Stroke Recovery Alternatives Scarborough ME

Recovery from stroke is long and complicated, and understandably often accompanied by hopelessness. So doctors usually prescribe antidepressants, daily aspirin to keep the blood from clotting again, and very limited physical therapy. Read on for more information on stroke recovery.

John R O'Meara
(207) 396-5611
96 Campus Dr
Scarborough, ME
Specialty
Cardiology, Cardiovascular Disease

Data Provided by:
Andrew C Corsello
(207) 396-5611
96 Campus Dr
Scarborough, ME
Specialty
Cardiology

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Edward J Teufel
(207) 396-5611
96 Campus Dr
Scarborough, ME
Specialty
Cardiology, Cardiovascular Disease

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Andrew Craig Corsello, MD
(207) 774-6468
96 Campus Dr Ste 1
Scarborough, ME
Specialties
Cardiology
Gender
Male
Education
Medical School: Suny At Buffalo Sch Of Med & Biomedical Sci, Buffalo Ny 14214
Graduation Year: 1993

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Peter K Shaw, MD
(207) 885-9905
96 Campus Dr Ste 1
Scarborough, ME
Specialties
Cardiology
Gender
Male
Education
Medical School: Columbia Univ Coll Of Physicians And Surgeons, New York Ny 10032
Graduation Year: 1972

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Wayne A Kruithoff
(207) 396-5611
96 Campus Dr
Scarborough, ME
Specialty
Cardiology, Cardiovascular Disease

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John C Lualdi
(207) 396-5611
96 Campus Dr
Scarborough, ME
Specialty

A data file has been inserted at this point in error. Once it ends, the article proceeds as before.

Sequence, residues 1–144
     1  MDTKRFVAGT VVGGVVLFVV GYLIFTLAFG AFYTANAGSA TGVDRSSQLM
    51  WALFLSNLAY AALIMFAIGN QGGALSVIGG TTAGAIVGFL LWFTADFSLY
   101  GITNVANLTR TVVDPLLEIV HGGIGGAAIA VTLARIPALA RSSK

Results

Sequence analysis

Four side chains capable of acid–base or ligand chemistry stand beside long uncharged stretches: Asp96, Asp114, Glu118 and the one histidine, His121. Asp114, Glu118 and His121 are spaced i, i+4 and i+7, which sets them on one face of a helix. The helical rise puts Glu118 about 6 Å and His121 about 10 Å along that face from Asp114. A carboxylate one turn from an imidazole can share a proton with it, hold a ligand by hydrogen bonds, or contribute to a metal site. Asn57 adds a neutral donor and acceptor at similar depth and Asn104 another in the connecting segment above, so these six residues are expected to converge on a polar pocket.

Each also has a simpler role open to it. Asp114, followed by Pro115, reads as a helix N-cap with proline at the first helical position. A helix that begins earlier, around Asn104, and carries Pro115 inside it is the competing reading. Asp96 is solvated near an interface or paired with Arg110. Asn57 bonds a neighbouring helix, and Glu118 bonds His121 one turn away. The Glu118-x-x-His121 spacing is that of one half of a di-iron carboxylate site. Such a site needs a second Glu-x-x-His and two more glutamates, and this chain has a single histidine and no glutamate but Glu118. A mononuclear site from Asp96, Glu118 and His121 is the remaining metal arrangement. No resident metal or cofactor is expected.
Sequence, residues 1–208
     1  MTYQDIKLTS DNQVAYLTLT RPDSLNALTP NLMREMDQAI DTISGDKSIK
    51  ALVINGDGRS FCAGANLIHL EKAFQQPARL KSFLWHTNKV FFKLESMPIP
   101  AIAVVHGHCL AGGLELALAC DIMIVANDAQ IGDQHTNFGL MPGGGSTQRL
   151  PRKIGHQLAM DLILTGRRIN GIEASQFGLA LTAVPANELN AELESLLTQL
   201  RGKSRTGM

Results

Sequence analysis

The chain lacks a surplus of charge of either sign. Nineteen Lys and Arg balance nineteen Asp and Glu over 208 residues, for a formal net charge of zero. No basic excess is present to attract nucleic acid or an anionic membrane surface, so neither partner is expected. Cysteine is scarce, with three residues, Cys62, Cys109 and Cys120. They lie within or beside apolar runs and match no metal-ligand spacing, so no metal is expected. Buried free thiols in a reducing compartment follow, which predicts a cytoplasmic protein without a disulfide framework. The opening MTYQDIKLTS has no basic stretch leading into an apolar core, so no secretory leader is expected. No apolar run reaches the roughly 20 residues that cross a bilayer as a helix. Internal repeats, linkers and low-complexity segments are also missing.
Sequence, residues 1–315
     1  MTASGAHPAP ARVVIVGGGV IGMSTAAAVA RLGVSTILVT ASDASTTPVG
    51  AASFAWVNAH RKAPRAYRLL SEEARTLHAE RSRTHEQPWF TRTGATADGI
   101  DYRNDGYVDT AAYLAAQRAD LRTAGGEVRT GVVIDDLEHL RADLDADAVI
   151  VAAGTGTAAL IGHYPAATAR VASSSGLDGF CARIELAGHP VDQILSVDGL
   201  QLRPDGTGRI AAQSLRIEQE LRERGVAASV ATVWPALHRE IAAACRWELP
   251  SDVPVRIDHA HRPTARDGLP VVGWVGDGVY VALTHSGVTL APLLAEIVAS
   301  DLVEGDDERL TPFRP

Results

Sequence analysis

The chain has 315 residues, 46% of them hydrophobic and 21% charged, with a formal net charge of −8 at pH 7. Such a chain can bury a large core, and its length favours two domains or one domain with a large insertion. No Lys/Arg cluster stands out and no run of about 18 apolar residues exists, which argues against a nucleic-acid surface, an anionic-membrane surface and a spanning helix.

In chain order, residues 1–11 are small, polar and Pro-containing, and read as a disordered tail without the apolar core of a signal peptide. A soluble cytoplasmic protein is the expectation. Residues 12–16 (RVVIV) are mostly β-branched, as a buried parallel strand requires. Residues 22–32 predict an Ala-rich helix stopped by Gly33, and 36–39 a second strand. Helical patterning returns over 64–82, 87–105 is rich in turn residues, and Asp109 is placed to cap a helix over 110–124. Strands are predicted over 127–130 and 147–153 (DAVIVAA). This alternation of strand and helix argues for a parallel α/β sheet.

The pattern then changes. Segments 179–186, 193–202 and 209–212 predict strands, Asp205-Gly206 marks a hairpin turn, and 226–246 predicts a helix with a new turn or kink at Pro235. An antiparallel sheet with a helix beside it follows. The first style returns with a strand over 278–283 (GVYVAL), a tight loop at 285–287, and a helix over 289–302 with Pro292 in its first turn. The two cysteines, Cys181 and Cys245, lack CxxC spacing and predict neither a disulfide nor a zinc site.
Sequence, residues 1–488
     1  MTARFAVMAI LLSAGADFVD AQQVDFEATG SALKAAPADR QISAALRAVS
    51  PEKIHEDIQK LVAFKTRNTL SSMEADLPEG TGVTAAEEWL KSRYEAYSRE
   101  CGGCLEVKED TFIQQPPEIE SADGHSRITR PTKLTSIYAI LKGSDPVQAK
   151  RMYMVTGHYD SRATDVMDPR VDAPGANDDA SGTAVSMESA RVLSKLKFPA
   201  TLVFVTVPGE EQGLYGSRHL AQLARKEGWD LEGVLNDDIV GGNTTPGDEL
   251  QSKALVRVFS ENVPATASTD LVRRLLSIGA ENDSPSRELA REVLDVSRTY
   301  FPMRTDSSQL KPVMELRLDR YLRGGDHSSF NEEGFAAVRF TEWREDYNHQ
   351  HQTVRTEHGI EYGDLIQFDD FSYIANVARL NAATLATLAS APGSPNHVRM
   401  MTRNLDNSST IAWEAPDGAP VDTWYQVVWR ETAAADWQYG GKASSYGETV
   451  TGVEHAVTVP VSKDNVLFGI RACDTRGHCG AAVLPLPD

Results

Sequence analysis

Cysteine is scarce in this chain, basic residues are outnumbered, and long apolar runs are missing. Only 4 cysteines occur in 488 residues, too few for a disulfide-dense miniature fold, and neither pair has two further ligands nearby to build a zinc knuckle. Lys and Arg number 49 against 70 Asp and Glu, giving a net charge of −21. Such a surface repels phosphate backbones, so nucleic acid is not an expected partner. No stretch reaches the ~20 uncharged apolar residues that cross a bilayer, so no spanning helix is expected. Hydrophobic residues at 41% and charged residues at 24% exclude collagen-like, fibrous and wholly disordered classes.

Cardiology, Internal Medicine, Cardiovascular Disease

Data Provided by:
Peter K Shaw
(207) 396-5611
96 Campus Dr
Scarborough, ME
Specialty
Cardiology, Cardiovascular Disease

Data Provided by:
John P Driscoll
(207) 396-5611
96 Campus Dr
Scarborough, ME
Specialty
Cardiology, Cardiovascular Disease

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Thomas J Ryan
(207) 396-5611
96 Campus Dr
Scarborough, ME
Specialty
Cardiology

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Stroke Recovery Alternatives

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By Nicole Duncan

Roger Maxwell of Dallas didn’t smoke. He exercised regularly and kept his weight down. But at 49 he suffered a stroke that left him wheelchair-bound and unable to speak words more than two syllables. Maxwell’s stroke came from an arterial dissection; an artery in the back of his neck split in half and blocked the flow of blood to his brain. And when brain cells become starved for blood, they get damaged or die, making simple tasks like eating, walking, and talking nearly impossible.

The Conventional Rx:
Recovery from stroke is long and complicated, and understandably often accompanied by hopelessness. So doctors usually prescribe antidepressants, daily aspirin to keep the blood from clotting again, and very limited physical therapy. But antidepressants come loaded with side effects, aspirin can cause stomach ulcers or internal bleeding, and many stroke victims give up in frustration before they can regain their mobility and plummet further into depression.

The Alternative Rx: A rehab plan that included Iyengar yoga, time on the treadmill, supplements, and speech therapy. Maxwell was determined to walk and talk again, but his stroke affected the section of the brain that controls balance, which made walking difficult. Since walking requires not only balance, but strength, flexibility, coordination, and endurance, a combination of yoga (for balance, coordination, and flexibility) and treadmill time (for strength and endurance) made the most sense. With its emphasis on precise positioning and the aid of props, Iyengar yoga in particular gave Maxwell the help he needed. Maxwell also supplemented with omega-3s, vitamin E, and Co-Q10, all of which have been proven to enhance brain function.

The Outcome: “The stroke rendered me unable to do just about everything but think clearly. I felt like I was imprisoned in my own body. I needed to break free,” says Maxwell. Within a year of his stroke, he had shed his wheelchair and regained full control of his speech. In fact, Maxwell completed the Dallas White Rock marathon less than two years after losing his ability to walk. —ND

Author: Nicole Duncan

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